Leading experts and medical associations agree—substance use disorders are brain diseases. Advances in brain imaging and other tools have established beyond a doubt that people with addictions to drugs and/or alcohol manifest changes in the structure, chemicals and functioning of our master organ. These effects spur urges, impulses, compulsions and other behaviors that actually compel the addicted brain to crave the very substances that destroy it. Add to this scenario a mental health condition (a dual-diagnosis) and things really get complicated.
There is some debate as to whether mental illnesses are also brain diseases, but research has shown that, like addiction, people with mental health issues exhibit changes in brain function and structure. Whether having a substance use and/or mental issue, in fact, causes brain changes, or extant brain changes cause substance use and/or mental disorders is unclear. Regardless, the interplay between mental health and addiction has been established.
A Chicken and Egg Scenario
Up to 60 percent of individuals who have an addiction have a dual-diagnosis; mood and anxiety disturbances such as bipolar disorder and depression are particularly common. The reverse is also true – people with mental health conditions are twice as likely to become addicted to drugs and/or alcohol than the general population. The reason for this symbiosis may be attributed to the following:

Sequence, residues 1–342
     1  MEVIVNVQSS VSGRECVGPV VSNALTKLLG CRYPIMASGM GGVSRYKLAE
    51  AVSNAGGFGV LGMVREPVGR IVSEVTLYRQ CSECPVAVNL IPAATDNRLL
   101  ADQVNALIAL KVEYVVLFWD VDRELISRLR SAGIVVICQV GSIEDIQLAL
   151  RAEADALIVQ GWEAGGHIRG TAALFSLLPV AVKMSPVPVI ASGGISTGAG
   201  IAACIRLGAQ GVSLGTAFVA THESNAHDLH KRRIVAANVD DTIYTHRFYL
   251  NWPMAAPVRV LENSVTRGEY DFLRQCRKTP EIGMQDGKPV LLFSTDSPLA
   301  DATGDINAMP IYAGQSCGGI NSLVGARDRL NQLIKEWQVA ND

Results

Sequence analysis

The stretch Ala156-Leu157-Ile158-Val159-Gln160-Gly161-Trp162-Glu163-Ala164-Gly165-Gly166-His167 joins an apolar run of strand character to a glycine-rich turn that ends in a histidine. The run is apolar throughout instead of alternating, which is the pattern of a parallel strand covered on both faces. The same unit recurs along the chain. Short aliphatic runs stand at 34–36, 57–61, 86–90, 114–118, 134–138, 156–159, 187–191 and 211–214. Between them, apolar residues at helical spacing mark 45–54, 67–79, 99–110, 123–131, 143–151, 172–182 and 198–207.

- The stigma and isolation people with mental disorders endure, especially when their illnesses are untreated, lead to self-medicating with drugs and alcohol
- The effects of alcohol and drugs cause symptoms apparent in certain mental conditions
It’s hard to say which comes first.
Unfortunately, one of the issues of dual-diagnosis is that addiction can mask a mental health condition and vice versa. Stimulants such as cocaine and methamphetamine can cause anxiety, panic attacks, mania and sleep disorders. Depression can also spur sleep disturbances, anxiety disorders can lead to panic attacks and mania is a common symptom of bipolar disorder. Compulsive behaviors, anxiety, paranoia and other symptoms are common in both types of disorders, which can lead clinicians to identify one to the exclusion of the other. It’s complicated; the overlapping symptoms can be difficult to attribute to one disorder over the other.
Dual Diagnosis: Common Causes
Although the exact source of an addiction and mental health condition can be difficult to pinpoint, research has shown similarities in their origins and common risk factors; specifically:
- Genetics: Studies show that a predilection for addiction and mental illnesses runs in families; genetic makeup is thought to predispose people to acquire these conditions
- Environment: Early exposure to drugs, stress, and trauma (such as physical and sexual abuse) have been shown to increase the risk for mental and substance use issues, and having one disorder raises the risk for acquiring the other
- Vulnerable brain regions: Since mental conditions and substance use affect many of the same areas of the brain, abnormalities in one area caused by addiction may make a person more vulnerable to mental illness; conversely, the brain effects of an extant mental condition may predispose a person to substance use
- Changes during brain development: Both mental and substance use disorders are developmental disorders, meaning that they tend to rear their heads early in the teen years or younger when the brain is developing and vulnerable to physical changes that increase the risk for brain-related illnesses